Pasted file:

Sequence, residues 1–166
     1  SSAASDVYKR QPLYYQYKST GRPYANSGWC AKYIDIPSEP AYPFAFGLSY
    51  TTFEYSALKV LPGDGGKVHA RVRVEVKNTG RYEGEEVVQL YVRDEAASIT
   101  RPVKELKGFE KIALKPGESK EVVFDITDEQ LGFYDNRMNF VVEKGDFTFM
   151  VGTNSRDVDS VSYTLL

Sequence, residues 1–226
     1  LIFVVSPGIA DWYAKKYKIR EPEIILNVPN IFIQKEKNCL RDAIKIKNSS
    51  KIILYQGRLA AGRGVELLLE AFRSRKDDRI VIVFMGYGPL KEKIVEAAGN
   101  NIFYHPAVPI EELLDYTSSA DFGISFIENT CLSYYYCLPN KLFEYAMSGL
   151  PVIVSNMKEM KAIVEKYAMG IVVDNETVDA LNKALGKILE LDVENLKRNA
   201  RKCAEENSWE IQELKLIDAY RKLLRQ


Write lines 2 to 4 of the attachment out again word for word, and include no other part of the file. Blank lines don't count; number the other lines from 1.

     1  SSAASDVYKR QPLYYQYKST GRPYANSGWC AKYIDIPSEP AYPFAFGLSY
    51  TTFEYSALKV LPGDGGKVHA RVRVEVKNTG RYEGEEVVQL YVRDEAASIT
   101  RPVKELKGFE KIALKPGESK EVVFDITDEQ LGFYDNRMNF VVEKGDFTFM